Let’s Look at…Sewing with Velvet


Velvet is the most luxurious fabric to use and wear, but many people are put off working with it as they think it must be difficult to achieve good results. It is indeed a little trickier than some other fabrics, but I hope these few hints and tips will help give you confidence to achieve the best possible result you can.

But, before we begin, did you know that the term “velvet” actually refers to the way the fibres are woven to give that characteristic upstanding pile. Velvet can be woven from a variety of fibres, most commonly cotton and polyester. Silk velvet is the most expensive, with prices often several hundred dollars (or indeed pounds sterling) for a single yard.

The word “velvet” derives from the French word “velu” meaning shaggy. Velvet is woven on a special loom that weaves two thicknesses of the material at the same time. The two pieces are then cut apart to create the pile effect, and the two lengths of fabric are wound on separate take-up rolls. This complicated process meant that velvet was expensive to make before industrial power looms became available, and well-made velvet remains a fairly costly fabric.

Due to this, if you’re not confident at working with this fabric, then it may be a good idea to search out remnants and off-cuts that are often available from fabric retailers at significantly reduced prices, and use these for practice before embarking upon your first “real” project. Velvet is indeed slippery to work with and does mark easily but, please don’t regard it as “scary” or out of reach since, with a little practice, good results are achievable.

Before you begin to stitch, you need to decide the direction that you wish the nap to run. The nap is the direction the pile lies in. Run your hands across your fabric – one way will feel soft and smooth and the other way has more resistance – almost like ruffling an animal’s fur the wrong way. You need to decide which way should feel soft and smooth. If you’re stitching a garment then that means do you want the fabric to feel soft and smooth as you run your hands up or down your garment. The most usual way is to smooth downwards – but there aren’t any hard and fast rules to follow, it’s down to personal preference.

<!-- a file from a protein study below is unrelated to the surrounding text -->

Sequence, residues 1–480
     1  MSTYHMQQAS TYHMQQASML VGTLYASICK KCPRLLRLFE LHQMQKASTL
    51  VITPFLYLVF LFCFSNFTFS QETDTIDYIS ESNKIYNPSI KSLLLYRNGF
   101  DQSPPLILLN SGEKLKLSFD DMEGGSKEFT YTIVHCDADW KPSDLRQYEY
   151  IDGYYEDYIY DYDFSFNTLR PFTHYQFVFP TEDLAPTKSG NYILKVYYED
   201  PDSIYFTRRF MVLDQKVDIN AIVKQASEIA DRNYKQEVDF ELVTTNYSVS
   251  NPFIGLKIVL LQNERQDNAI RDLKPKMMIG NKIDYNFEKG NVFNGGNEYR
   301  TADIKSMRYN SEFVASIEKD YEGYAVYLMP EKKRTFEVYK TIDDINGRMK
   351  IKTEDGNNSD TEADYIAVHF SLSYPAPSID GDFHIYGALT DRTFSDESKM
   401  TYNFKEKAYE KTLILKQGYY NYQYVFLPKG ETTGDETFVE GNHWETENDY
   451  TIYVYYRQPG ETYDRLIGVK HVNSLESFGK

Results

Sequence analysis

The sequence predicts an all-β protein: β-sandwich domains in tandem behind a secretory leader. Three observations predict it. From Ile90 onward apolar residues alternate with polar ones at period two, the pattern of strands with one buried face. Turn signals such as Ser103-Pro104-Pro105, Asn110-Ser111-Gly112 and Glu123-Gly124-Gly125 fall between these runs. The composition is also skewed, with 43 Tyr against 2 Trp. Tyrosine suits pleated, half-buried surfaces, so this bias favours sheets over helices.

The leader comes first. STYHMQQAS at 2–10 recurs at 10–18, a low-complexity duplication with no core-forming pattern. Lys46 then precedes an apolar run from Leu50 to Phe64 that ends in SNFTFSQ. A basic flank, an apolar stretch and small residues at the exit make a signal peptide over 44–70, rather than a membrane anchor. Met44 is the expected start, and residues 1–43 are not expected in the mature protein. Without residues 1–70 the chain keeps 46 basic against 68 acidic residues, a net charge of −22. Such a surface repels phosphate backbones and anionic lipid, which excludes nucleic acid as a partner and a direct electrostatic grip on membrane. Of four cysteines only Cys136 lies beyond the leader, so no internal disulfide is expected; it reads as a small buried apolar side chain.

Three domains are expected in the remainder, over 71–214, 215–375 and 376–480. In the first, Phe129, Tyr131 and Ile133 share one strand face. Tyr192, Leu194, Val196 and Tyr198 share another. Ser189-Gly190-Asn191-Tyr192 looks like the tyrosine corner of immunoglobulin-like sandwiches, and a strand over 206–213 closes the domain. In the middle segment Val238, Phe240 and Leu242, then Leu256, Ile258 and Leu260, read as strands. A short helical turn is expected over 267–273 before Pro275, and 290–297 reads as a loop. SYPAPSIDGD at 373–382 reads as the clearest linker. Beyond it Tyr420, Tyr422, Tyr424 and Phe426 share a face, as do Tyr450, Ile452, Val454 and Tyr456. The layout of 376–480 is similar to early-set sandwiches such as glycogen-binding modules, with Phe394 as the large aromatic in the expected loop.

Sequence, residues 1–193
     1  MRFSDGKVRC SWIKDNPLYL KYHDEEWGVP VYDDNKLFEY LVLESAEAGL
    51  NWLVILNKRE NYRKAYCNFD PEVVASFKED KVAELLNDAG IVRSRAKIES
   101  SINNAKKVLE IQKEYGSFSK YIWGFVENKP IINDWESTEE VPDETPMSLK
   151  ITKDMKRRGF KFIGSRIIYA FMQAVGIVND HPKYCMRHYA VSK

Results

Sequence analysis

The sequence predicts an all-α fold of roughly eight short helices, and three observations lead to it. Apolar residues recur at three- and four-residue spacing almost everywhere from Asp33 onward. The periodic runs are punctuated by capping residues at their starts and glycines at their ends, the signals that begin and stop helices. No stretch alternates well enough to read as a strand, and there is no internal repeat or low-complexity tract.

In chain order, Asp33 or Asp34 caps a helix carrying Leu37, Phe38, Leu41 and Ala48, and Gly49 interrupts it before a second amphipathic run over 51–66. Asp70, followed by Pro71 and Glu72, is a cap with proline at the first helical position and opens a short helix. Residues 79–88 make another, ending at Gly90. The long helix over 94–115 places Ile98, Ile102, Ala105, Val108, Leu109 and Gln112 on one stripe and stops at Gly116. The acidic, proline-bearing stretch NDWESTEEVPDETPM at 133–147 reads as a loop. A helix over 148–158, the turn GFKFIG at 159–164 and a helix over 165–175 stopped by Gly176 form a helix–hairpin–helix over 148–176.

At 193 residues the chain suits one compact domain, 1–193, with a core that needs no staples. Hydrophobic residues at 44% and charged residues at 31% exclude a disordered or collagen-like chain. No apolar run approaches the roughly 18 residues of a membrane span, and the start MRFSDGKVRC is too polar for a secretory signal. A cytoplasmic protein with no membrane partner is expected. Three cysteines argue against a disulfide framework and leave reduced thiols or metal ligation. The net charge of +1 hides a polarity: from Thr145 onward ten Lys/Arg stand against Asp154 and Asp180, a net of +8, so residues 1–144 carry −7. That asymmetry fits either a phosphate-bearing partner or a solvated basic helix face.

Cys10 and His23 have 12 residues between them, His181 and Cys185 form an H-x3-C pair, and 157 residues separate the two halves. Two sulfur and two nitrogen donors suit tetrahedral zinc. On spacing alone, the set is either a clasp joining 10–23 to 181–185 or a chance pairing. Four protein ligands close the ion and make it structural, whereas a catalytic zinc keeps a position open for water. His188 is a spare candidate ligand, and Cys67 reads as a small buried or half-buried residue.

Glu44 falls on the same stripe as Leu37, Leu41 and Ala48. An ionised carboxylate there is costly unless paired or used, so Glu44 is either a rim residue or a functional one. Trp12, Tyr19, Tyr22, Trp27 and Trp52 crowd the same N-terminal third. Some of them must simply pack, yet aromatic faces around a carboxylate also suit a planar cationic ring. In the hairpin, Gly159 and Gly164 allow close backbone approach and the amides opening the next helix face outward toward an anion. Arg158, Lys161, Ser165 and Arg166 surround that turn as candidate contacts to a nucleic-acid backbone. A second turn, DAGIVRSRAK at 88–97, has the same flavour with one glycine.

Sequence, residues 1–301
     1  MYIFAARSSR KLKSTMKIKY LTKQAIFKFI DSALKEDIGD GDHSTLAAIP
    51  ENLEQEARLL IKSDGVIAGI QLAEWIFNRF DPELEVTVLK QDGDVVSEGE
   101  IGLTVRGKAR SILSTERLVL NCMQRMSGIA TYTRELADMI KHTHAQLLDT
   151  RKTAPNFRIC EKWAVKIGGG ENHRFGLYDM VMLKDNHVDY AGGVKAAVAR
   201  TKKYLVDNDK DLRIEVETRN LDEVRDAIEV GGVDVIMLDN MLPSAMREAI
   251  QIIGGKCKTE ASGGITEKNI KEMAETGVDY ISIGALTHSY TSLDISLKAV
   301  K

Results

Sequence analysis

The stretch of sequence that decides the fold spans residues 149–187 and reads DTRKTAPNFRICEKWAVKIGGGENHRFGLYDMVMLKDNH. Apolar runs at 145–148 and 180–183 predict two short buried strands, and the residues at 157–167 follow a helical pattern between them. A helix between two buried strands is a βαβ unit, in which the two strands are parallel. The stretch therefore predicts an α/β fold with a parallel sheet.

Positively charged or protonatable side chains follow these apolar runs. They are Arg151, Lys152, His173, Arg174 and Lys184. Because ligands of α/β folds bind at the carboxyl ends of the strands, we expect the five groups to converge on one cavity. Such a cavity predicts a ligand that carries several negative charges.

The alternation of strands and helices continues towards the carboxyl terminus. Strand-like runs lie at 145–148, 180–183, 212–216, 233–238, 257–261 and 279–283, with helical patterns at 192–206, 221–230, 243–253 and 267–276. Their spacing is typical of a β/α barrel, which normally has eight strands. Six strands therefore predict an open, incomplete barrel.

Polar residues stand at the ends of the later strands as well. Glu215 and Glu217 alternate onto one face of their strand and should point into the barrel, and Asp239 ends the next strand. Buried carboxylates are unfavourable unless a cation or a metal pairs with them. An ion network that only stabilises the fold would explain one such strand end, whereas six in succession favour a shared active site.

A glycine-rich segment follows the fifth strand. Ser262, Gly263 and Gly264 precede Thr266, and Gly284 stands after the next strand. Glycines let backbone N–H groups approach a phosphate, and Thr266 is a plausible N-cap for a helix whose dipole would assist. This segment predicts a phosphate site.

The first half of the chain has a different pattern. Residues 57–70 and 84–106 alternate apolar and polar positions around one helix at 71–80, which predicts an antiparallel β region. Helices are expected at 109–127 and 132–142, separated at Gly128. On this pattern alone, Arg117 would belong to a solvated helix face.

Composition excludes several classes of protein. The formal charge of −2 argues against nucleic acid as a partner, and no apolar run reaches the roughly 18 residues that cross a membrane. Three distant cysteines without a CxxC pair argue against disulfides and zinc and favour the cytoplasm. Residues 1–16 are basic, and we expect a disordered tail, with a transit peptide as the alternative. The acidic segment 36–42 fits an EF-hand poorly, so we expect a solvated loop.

Again, if you’re making a garment, once you’ve identified your preference lay the fabric face down in a single layer. Don’t fold it, and make sure all the pattern pieces are facing the same way so the direction of the pile is consistent across the whole garment.

Pin the pattern pieces to the wrong side of the fabric using fine pins and mark any darts with tailor’s tacks. If the velvet is made from natural fibres use a cotton or silk thread since polyester thread would be stronger than the fabric and may cut into it.

You should choose a manmade thread for velvet composed of man-made fibres and a cotton or silk thread for velvet composed of natural fibres.

Using a walking foot on your sewing machine is the best way to have maximum control over slippery fabrics such as velvet as this ensures the two layers of fabric feed through your machine at the same rate. If you use a normal presser foot the different layers may slip and slide, so feeding through at different speeds and ending up stitched together incorrectly, and nobody enjoys ripping out stitches!

Always sew in the direction of the pile and test on a scrap of fabric before working on your project. If the fabric is puckering try loosening the tension on your machine. If you are using a velvet fabric without stretch hold the fabric taut as you sew, however, for stretch velvets don’t hold the fabric taut as this will stretch it out of shape.Trim your seam allowances as normal, but also cut along the fold of any darts and steam them open to reduce bulk.

You do need to take extra care when pressing velvet – pressing it in the normal way can lead to disaster by irretrievably flattening the pile. Instead place it face down on a towel and hover the iron over it using a maximum steam setting or even blasting steam at it for maximum effect.

If you’re making a garment, then be sure to hang it for 24 hours after pressing before hemming. As the fibres relax they may “give” a little and if you hem before resting your work you may well end up with an uneven hem.

Have you got any tips for working with velvet? Leave them in the comments below, we’d love to know!



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*Article originally appeared in Bustle & Sew Magazine. Find out more HERE

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